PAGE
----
A timing belt is a part of a combustion engine that controls the timing of the engine's valves. Some engines use timing gears. The term "timing belt" is also used for the more general case of any flat belt with integral teeth. Such belts are used for power transmission or to interchange rotary motion and linear motion, where either high loads or maintaining a specific drive ratio are important. A common non-automotive application is in linear positioning systems. Such belts have also been used in efforts to make a cleaner, lower- maintenance bicycle transmission but have never become popular in this application.
In the internal combustion engine application, the timing belt connects the crankshaft to the camshaft(s) that in turn controls the opening and closing of the engine's valves. A four-stroke engine requires that the valves open and close once every other turn of the crankshaft. The timing belt does this. It has custom teeth to turn the camshaft(s) synchronized with the crankshaft and is specifically designed for a particular engine. In some engine designs, the timing belt may also be used to drive other engine components such as the water pump and oil pump.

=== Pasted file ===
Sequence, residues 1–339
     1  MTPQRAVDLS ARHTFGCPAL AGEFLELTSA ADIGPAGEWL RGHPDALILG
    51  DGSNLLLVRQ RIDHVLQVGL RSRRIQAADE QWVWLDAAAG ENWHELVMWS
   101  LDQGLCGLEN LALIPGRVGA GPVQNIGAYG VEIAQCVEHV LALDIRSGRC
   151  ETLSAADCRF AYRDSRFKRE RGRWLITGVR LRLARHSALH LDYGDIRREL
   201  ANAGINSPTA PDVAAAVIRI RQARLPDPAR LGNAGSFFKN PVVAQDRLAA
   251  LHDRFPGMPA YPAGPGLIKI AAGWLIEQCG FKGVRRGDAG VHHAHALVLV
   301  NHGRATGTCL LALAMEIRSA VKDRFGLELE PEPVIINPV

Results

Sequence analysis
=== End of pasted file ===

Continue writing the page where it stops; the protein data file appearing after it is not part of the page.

Gear or chain systems can also be used to connect the crankshaft to the camshaft at the correct timing. However gears and shafts constrain the relative location of the crankshaft and camshafts. A belt or chain allows much more flexibility in the relative locations of the crankshaft and camshafts. Camshaft drives, whether gears, belts or chains are also able to even out wear, since the chain or belt can be made such that the number of teeth on the belt is co prime to the number of teeth on the crankshaft and camshaft sprockets, thus ensuring that each tooth on sprocket doesn't end up on the same tooth on the belt repeatedly.
While chains and gears may be more durable, rubber belts are quieter in their operation (in most modern engines the noise difference is negligible), are less expensive and are mechanically more efficient, by dint of being considerably lighter, when compared with a gear or chain system. A timing belt is a specific application of a synchronous belt used to transmit rotational power synchronously.